Continental is known to have collected approximate 100 terabytes of data each day through a global test fleet. Through the CAEdge platform and an on-premises supercomputer, the company has worked extensively on neural network development, synthetic data generation, and validation and simulation, he shared. Through an AI Competence Center, the company has also invested in the core development of AI tech and the rollout to product development teams. The company has successfully prepared for SOPs of modular and scaleable full-stack capabilities and high-performance computers. For the full stack capability that executes driving and parking functions, perception through the operating system and middle ware, software components are known to be sourced from subsidiaries like Electrobit and Argus besides other third-party entities. Through the high-performance computer, the company offers combinable surround view and assisted driving up to integrated automated driving and parking high-performance computers. On addressing the growing system complexity and the need to attain standardisation, explained Dagli, Continental is leveraging the strengths of simulation. “The independent layer of stacks are standardised on a priority basis especially where there is a need to introduce efficiencies,” he stated. On automotive grade memories outside of the embedded systems assuming significance, Dagli added, peak performance utilisations banking on the company’s cloud partnerships with partners like Amazon Web Services (AWS). With it, the storage and computational power has neared infinity, he quipped.

Philipp Neubauer, Solution Manager Body HPC Platform, Business Area VNI Central Engineering said, “Autonomous and intelligent mobility requires a revolution of vehicle electronics. New architectures go beyond the vehicle: from the sensor to the cloud.” “End-to-end network solutions are based on body high-performance computers for a reliable low-latency connectivity,” he opined. With a projection of more than 50 per cent of cars being connected in 2021, Neubauer spoke of digital transformation revolutionising the E/E architecture. He credited it for leading the way towards software-defined vehicles and addressing complexity and functional growth with the current approach reaching its limits. Going forward, it is expected that users will rely increasingly on smart IoT devices. Using fewer high-performance and zones, significant compute power with more processing cores will be made available. The architecture will read to a 50 per cent reduction of wires with functions defined by software.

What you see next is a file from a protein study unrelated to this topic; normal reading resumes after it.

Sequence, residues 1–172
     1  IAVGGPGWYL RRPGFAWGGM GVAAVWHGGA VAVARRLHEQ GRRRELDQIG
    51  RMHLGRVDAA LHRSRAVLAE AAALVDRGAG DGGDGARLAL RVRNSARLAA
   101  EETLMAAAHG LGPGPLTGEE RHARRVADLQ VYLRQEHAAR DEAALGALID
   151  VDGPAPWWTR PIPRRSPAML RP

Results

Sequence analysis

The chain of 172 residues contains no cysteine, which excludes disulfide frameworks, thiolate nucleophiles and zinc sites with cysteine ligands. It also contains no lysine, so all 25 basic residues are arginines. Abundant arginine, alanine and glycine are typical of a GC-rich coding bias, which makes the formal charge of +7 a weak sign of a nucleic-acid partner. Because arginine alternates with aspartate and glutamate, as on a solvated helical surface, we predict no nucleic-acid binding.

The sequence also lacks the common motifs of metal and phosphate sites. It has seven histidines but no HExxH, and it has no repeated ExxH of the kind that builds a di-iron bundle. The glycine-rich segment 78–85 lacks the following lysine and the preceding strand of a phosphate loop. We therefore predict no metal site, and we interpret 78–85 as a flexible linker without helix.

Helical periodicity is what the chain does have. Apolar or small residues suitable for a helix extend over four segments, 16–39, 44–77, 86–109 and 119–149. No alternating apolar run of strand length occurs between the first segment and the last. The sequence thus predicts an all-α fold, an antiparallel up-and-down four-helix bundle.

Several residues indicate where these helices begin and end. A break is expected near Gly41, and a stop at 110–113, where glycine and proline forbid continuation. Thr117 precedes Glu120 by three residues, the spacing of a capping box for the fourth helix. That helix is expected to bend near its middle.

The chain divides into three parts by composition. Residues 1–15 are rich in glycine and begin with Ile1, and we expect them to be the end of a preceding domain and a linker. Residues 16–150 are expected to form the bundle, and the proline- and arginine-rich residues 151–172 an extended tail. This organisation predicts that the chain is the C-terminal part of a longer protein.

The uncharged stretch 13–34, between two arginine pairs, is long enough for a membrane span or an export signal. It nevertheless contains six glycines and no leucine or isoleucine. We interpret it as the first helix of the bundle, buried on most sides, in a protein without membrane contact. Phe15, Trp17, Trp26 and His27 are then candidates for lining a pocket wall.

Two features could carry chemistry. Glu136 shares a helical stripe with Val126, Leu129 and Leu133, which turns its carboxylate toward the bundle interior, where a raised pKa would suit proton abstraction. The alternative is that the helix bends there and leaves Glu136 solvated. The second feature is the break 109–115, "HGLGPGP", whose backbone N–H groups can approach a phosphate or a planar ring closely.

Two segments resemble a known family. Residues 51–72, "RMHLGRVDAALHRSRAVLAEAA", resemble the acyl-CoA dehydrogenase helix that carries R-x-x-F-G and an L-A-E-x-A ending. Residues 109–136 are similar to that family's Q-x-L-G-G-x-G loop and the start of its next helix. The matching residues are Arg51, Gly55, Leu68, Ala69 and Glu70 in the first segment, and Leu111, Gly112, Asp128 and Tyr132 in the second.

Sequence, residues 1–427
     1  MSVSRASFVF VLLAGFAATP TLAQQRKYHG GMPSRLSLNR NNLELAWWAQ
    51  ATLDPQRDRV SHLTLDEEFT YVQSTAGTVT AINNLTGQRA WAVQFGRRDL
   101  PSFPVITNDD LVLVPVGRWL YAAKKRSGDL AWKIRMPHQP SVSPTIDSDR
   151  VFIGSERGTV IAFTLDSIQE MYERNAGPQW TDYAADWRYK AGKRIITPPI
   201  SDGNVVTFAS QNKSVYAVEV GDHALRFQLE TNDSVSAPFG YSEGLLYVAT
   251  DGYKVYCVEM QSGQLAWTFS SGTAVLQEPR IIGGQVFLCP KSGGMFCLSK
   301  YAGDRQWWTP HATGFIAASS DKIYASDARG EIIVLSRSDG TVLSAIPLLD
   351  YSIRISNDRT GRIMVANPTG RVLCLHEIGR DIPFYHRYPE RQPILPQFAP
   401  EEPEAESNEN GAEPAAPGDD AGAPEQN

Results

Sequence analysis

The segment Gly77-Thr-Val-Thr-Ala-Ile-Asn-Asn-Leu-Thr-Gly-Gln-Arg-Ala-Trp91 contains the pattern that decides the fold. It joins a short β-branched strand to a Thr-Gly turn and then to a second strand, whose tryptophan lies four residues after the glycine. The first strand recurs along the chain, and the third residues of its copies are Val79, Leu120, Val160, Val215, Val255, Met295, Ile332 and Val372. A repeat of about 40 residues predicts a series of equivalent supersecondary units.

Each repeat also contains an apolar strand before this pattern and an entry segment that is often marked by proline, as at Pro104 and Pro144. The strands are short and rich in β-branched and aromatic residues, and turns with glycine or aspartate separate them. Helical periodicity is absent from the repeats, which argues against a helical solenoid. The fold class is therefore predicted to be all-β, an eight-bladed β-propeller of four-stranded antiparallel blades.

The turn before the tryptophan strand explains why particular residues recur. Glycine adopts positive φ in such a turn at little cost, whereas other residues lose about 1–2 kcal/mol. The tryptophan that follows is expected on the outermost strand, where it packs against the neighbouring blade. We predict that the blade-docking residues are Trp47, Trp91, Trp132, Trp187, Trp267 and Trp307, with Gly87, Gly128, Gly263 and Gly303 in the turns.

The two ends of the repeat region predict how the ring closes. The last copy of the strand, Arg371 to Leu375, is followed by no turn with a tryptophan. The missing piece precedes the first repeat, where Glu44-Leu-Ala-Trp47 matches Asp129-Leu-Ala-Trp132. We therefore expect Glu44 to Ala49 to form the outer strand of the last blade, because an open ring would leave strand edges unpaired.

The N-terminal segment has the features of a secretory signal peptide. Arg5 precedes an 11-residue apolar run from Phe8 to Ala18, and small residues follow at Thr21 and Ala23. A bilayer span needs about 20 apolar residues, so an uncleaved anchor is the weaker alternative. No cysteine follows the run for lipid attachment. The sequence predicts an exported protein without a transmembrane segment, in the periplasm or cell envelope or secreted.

The integration is made possible by a server-based vehicle architecture from the sensor to the cloud, explained

Neubauer. The sensor feeds the zone/IO Box which in turn feeds the HPC/server and is connected to the cloud by offering mobile online services. The Continental Cooperation Portal (CCP) works to facilitates automated software delivery and integration. System integration, as per Neubauer, will be a key competency for the future generation of vehicles. The CCP is claimed to offer a customisable collaboration environment for software projects. Automated software validation and integration are expected to increase quality and efficiency.

Martin Schleider, Head of Software Strategy, Holistic Engineering and Technologies drew attention to new business opportunities and prospects of collaboration. “End users can get new software functions and updates over the complete lifecycle of a car,” he mentioned. He called the CCP the basis of Continental accelerating software development and attaining safety, security and reliability. In the vehicle architecture, the focus is on decoupling hardware from software, converging domains through functional building blocks, improving time to market through agile development and digitising lifecycle management through update and upgrade, he explained. He called for the need for trust-based collaboration models. He laid special impetus on the software-defined vehicle needing a software partner through the vehicle lifecycle to tackle the needs like security and safety support, and maintenance through the middleware sitting between the hardware supplier and OEM. ACI